You see, our parents never said to us: “You shouldn’t be friends with them because they are Muslim.”, or anything like that. They didn’t teach us to hate one another.

This is how we lived. This is what my parents still live by. This is how I try to live, even now when I am thousands of miles away.

When the general world talks about how the conflict in Bosnia started, they would say that the people of Bosnia hated each other all the time and that’s why they went to war.

This simply wasn’t true, as I hope you can see from my stories from this time. There was so much more to it. The trauma trail is very long. There was the centuries long influence of the Ottoman Empire, the Austro-Hungarian Empire, the WW1, the WW2 & the breakup of the communism. The traumas that came with these wars were immeasurable. The whole history of the Balkans is so intricate and complex. It simply cannot be simplified into a worldwide acceptable short explanation, or a media simplification to appease the general public. The six countries should never have been put together to form Yugoslavia in the first place. There was too much oppression, suppression of people’s customs, religions, freedom and choices. Things would have exploded eventually anyway. We were six different “tribes” who were made to live together and who were made to accept and to conform to the same rules and customs. It was never going to work in the long term. If everyone was allowed to practice what they believed in, in freedom, then perhaps yes. But oppression always creates explosions.
Humans are roaming, adapting, expressive, migrating, questioning species. Realistically, we can’t be constrained to conform to extreme unrealistic rules that do not move with the times or match our aspirations & moral values. There will always be leaders and there will always be followers; and we need them both. People need to be able to be free to be who they want to be, without having to fit a general mould.

 

4. “…this will one day end.”

Over the years, ever since the war had finished, I have only heard of books and movies describing the atrocities of the Bosnian war.

Even after more than two decades, I still can’t read these books or watch the movies. I find them all too upsetting, too negative and sometimes frankly very one-sided.

The hurt, the fear and the losses are still too raw, even after all these years.

I remember this one evening in 2003, my husband and I were living in Cardiff. I was sitting on the floor sorting out our filing whilst the TV was on. As I wasn’t really paying much attention to what was on, suddenly a familiar language caught my attention. I looked up and I saw that a program about the Bosnian Civil War had started, most of it was subtitled. My husband was working in his office upstairs.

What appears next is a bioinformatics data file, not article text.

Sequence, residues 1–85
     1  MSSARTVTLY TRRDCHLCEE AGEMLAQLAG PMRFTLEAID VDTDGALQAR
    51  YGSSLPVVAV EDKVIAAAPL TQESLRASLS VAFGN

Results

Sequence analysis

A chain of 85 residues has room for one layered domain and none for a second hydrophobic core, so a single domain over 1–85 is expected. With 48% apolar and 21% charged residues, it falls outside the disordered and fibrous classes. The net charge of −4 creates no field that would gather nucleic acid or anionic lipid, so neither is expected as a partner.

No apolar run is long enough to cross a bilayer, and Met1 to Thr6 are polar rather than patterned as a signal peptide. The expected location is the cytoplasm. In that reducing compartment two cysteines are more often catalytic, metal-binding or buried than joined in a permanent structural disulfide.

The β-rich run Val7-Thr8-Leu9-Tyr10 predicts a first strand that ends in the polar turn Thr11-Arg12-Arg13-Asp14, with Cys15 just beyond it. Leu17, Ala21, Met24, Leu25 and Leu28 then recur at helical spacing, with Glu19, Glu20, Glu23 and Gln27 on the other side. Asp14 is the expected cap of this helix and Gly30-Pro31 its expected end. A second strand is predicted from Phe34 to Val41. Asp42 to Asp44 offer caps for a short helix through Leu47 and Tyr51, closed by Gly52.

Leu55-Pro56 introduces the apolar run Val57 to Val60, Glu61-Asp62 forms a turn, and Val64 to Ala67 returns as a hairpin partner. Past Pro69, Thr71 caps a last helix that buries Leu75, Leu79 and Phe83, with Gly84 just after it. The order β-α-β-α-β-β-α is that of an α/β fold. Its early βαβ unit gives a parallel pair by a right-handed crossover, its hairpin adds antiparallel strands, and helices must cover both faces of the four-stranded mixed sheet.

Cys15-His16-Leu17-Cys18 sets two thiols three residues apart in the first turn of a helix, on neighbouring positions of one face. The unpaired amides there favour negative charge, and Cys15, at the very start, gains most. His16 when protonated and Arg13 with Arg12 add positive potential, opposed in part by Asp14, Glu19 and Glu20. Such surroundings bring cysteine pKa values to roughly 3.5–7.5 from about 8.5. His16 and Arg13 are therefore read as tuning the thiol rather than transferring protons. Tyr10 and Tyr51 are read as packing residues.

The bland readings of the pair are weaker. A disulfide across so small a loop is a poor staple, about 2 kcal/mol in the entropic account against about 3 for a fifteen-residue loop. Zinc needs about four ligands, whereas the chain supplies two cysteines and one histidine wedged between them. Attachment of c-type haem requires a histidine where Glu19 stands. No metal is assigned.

I started watching it and COULD NOT believe my eyes. The translation of the program was completely manipulated to in-a-sense simplify the conflict, the war. What people were actually saying was translated to mean something completely different. It was utterly and completely manipulated. It was completely wrongly translated. Not just grammatically, but the complete opposite to what the interviewees were saying.
I was so angry. I got so upset. I started crying. Why were these media giants doing this?! What was their agenda? What was their gain, from all of this propaganda?
My husband heard me, and he rushed down the stairs. He very quickly realised what was going on and turned the TV off; he held me on the floor as I sobbed like a child in his arms. Once I calmed down, we talked for a long time, into the night. He explained to me that the media will always simplify the news, the “factual” documentaries would too, to appease the viewers, to appease the general public. He explained that there had to simply be a bad side & a good side.

It felt so unfair. So unfair! I wanted to scream from the top of my lungs: “It’s not true! It’s not true! What they were saying is not true. I was there; it’s not true! No war is ever as simple as that!” But I was powerless.

A war is a very lucrative and exceptionally profitable business. I was too young to know and too young to understand these world, grand, political strategies and their manipulative media games.

It was such a hard pill to swallow, to accept that there was nothing I could do to change the way it was all reported in the UK, or worldwide. The only thing I could do is stay truthful and say things the way I saw them with my own eyes, show the world what we were really like as people.

From then on, I decided to tell mostly positive stories about my people. Unfortunately, certain events, some painful events, have to be told in their true light, in order for me to paint the full picture.

I want to tell you about the good people in my life, from my country. The kind, generous, in a way naïve, good people of Republika Srpska and Bosnia.

Most people from this part of the world, who came into my life, were amazing. They were extraordinarily kind and brave.

I desperately want the world to hear about them; about the obstacles they overcame to help others, sometimes help others from the opposite side, the “enemy” side, and by doing so, they put their lives at risk.

But they helped and indeed saved innocent lives; they wouldn’t have done it any other way.
————————————————————————————————————————–
In the late eighties, early nineties, sadly I can’t remember exactly when, our mum and dad sat my brother and I down to talk to us about the political state of our country. They said that our country was going to war. Yugoslavia will no longer be; it will be split into many different countries. Bosnia as it once was would never be the same again.